Four hours since that car ride and it was all he could do to remain seated and not do something, as so many of his FBI friends liked to call it, 'illegal'. He'd played a doctor before, would have done it again if the stakes weren't too high today. No matter how bored he got, no matter how antsy or worried, he wasn't going to ruin this day for either of them by being Neal Caffrey, conman extraordinaire. Instead, he flipped his hat mindlessly, once, twice, until he was attracting attention from several of the nurses and one receptionist.

"Are you going to teach that to my daughter?"

He looked away from the blue eyes of the receptionist, surprised to find Peter standing there, happier than Neal had ever seen him before. The words registered slowly to him, one at a time, before he pushed aside the first part of the sentence and focused on the last word.

"Daughter?" He echoed, as if he was testing out the word. "You have a daughter?"

Peter nodded, pride written over every inch of his expression. "Cheryl Katherine Burke." He said the middle name hesitantly, looking over Neal. "I hope that's alright, Neal, we thought-"

He was up in an instant, arms around the man he'd come to see as a father during some point of this entire thing. "Yeah, Peter. It's more than alright."

Neal felt Peter's hand pat his back and he breathed a sigh of relief, a breath he hadn't even realised he'd been holding. When Peter spoke, Neal could hear the smile in his voice. "You want to come say hi?"

He broke away, hesitant. "El's probably tired, I don't want to intrude or -"

"You're not intruding, Neal." There was nothing but finality and insistence in Peter's voice. The new father didn't leave any room for argument, but Neal still hesitated until Peter closed his hand around Neal's upper arm and took a step backwards, still grinning when his voice took on a more serious tone. "C'mon. El and I have something we want to talk to you about."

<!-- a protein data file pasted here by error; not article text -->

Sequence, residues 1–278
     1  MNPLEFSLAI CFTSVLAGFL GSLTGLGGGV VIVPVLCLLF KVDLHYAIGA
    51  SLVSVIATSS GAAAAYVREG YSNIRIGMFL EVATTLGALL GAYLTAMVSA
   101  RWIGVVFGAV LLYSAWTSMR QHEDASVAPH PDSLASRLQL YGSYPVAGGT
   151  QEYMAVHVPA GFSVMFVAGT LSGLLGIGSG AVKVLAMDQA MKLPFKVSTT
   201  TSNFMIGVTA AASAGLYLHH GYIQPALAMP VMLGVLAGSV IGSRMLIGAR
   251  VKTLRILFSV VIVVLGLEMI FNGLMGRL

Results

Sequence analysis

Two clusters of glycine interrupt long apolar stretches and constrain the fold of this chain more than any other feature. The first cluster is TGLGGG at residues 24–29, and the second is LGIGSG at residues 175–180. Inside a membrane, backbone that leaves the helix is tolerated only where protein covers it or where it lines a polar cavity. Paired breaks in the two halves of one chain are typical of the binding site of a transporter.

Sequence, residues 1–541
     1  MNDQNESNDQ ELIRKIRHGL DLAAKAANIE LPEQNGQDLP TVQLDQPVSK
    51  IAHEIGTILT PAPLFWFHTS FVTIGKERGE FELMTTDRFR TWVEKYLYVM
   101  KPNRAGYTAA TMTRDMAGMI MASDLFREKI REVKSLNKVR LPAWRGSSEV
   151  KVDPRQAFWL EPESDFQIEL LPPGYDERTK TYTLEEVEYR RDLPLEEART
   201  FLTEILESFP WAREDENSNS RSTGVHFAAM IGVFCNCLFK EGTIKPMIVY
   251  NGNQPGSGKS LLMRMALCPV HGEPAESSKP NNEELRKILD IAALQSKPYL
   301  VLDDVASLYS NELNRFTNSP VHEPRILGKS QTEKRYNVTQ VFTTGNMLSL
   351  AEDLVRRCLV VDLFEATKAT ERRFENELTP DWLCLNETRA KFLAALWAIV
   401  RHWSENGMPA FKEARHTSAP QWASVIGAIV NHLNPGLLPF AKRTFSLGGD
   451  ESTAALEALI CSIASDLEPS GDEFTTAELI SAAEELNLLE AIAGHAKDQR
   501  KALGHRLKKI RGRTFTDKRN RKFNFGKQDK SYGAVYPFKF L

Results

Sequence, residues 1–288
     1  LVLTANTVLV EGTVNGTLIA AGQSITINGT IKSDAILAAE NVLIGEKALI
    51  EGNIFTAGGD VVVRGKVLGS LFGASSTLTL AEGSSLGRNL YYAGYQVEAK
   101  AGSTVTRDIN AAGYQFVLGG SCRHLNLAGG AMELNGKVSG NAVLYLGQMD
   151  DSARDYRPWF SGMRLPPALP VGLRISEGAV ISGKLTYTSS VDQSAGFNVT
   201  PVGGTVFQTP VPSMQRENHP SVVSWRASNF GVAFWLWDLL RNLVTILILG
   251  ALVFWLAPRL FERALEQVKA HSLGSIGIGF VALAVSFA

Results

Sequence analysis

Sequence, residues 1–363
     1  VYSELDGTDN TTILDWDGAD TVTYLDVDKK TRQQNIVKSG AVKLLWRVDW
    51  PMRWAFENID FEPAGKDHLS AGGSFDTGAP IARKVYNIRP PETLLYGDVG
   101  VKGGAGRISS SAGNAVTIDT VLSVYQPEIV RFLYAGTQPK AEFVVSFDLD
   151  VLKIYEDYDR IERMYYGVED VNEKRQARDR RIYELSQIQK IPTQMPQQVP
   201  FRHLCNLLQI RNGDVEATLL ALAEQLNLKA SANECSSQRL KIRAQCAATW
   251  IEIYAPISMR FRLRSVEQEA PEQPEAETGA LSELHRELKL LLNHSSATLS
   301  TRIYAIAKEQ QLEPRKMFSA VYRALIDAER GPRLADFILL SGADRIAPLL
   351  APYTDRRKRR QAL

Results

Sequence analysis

A small bundle, a tiny little thing swathed in a pink blanket. That was Neal's first sight of Cheryl Burke, a little girl he was already mentally calling his niece. A little girl he was already planning gifts for, drawings and paintings when she was older and every stuffed animal he could possibly find now; he'd write her name on the sky and make sure that nobody was unaware of the little miracle that was Cheryl Burke.

El did look tired; her hair was plastered to her face but, like her husband, Neal had never seen her looking happier. The woman was glowing, radiant, devoted eyes on her daughter. He couldn't contain the smile, any hint of the nerves he'd had moments before dissipated in his current environment. He'd never seen a family so happy, certainly not his own, but the idea that three people – a mother, father, a daughter – could be like this cleared away a bit of the jealousy he'd been harboring. They deserved this, each and every one of them – this happiness and radiance, beyond happiness and into something a word couldn't contain.

He moved towards Elizabeth, dropping a kiss on her forehead and grinning at her. His voice a whisper, he murmured, "You're both gorgeous."